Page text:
purpose

The Next Thing

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In my last blog entry I talked about Being Youfor such a time as this. For the last year or two, I’ve been observing friends and family members who, just like me, are in transition from one season to another. It seems like so many of us are on the brink of the next thing, as we wait with breathless wonder on how things will work out. Where will we be in our careers? Will we get that promotion? Do we even want careers? What will our ministry look like this time next year? Will we be in Africa? In Nebraska or North Carolina? Married? Enrolled in a graduate program? So many questions and not enough answers. As I continued to ponder Esther’s life, it seems like her story is more significant to me than I realized. Entertain a corollary, if you will.

Each of us has questions about what the future holds, and certainly the economy and ideological changes in our country encourage that sense of uncertainty, or at least confirm it. No longer can you assume identity with a company to the extent that you *know* you’ll be with them for 30 years, and then retire. Even more challenging is when life throws a curveball and you find yourself struggling to put food on the table. I’ve been there. Suddenly, the focus shifts from the future to making it through the day, and the goals become more short-term, like paying rent this month, or avoiding shut-off notices.

The reason Esther found herself in the king’s palace to begin with was because the king was seeking a woman who would set a godly example for women throughout the Persian empire. Esther’s beauty surely played a part … natch, the king wanted a beautiful chick. But it was Esther’s character that caused her to find favor in the eyes of all who saw her. The thing is, Esther stepped into the position of queen long before she was ever acknowledged and crowned. She had one requisite visit with the king, as a part of the campaign, but “she would not again go into the king unless the king delighted in her and she was summoned by name … So Esther was taken to King Ahasuerus to his royal palace in the tenth month… The king loved Esther more than all the women, and she found favor and kindness with him more than all the virgins, so that he set the royal crown on her head and made her queen instead of Vashti.” Esther 2:14-17 pp.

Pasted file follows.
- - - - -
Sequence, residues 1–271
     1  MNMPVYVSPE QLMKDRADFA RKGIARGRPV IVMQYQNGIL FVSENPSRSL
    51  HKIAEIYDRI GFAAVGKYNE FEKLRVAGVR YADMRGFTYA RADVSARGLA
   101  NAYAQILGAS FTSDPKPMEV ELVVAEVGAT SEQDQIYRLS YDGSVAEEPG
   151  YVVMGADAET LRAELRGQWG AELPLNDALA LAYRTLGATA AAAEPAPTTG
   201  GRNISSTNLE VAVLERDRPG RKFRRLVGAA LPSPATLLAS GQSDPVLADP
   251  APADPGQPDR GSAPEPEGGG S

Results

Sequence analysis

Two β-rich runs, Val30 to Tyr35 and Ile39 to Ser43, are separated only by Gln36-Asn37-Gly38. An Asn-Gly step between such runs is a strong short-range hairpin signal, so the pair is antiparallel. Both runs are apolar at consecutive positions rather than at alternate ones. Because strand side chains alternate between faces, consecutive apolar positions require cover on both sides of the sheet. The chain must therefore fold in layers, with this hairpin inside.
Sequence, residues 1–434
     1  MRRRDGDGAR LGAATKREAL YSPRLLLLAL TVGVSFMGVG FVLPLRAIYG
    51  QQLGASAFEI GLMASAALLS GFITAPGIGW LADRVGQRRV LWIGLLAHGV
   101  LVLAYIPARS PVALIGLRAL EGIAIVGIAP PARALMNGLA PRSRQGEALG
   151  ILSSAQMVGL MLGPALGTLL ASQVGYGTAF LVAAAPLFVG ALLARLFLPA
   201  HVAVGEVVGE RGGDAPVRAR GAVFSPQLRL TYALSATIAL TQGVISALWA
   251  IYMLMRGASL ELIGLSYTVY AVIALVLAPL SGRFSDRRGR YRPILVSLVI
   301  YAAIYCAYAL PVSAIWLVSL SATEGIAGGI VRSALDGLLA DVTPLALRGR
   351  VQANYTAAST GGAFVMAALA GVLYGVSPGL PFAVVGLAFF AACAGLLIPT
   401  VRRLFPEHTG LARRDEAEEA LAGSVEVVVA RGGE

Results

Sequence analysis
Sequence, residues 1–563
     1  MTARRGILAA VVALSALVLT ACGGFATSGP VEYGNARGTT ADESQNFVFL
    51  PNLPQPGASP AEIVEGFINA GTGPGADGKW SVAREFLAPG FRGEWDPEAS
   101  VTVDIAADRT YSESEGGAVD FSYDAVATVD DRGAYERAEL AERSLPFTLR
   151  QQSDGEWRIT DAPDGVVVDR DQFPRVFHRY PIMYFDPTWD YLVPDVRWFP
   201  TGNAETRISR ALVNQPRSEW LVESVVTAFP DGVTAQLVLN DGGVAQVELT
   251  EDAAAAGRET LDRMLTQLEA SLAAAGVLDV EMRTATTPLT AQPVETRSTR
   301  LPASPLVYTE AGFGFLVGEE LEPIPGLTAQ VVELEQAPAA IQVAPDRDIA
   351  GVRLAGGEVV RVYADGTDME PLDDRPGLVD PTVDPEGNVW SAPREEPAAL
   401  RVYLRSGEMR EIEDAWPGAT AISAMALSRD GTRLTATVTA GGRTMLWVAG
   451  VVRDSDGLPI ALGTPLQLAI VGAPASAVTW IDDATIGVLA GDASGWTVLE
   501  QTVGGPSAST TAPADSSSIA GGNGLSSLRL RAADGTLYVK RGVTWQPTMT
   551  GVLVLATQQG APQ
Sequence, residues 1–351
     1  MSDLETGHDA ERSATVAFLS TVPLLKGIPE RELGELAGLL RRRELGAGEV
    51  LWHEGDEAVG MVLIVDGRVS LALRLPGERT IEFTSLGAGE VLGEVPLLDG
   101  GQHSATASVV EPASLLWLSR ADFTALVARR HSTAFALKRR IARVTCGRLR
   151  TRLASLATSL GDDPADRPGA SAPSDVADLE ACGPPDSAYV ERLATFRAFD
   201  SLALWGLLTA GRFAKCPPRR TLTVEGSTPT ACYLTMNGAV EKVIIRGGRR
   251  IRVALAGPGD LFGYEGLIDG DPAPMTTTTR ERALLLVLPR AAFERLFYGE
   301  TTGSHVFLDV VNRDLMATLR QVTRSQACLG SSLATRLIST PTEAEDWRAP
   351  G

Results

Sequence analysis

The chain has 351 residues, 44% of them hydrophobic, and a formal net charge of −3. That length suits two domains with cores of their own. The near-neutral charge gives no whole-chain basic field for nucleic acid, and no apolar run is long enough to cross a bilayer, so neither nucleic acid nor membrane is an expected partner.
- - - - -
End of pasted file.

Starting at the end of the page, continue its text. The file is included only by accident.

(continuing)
Esther spent four years in the king’s palace before something happened.

God leads us in ways that surprise us but He doesn’t leave us hanging…for long. Imagine how Esther must have felt, waiting four years to meet with the king and then having just one chance to make a good first impression. Somehow Esther must have understood that the crown would be hers and she stepped into that authority, that confident knowing where she was headed, and the position that would be hers. Amazing. Yet the same is true for each of us. We can prepare ourselves, we can knock on doors, we can try different things to make our destiny happen. But there comes a point when we have done all that we can do and we must simply stand. Ephesians talks about being strong in the Lord, and in the strength of His might, putting on the full armor of God … and, having done all these things to stand firm. It’s really a profound concept because it forces the realization that the journey that we’re on is in the Lord’s hands. Sure, we make choices and influence the twists and turns that it takes but if we have a truly yielded lifestyle with the Lord, He’ll take us into king’s palaces and other places of influence. Then we can only humbly stand back and be amazed at His goodness. Psalms reminds us also, where it says, “This is the Lord’s doing; it is marvelous in our eyes.”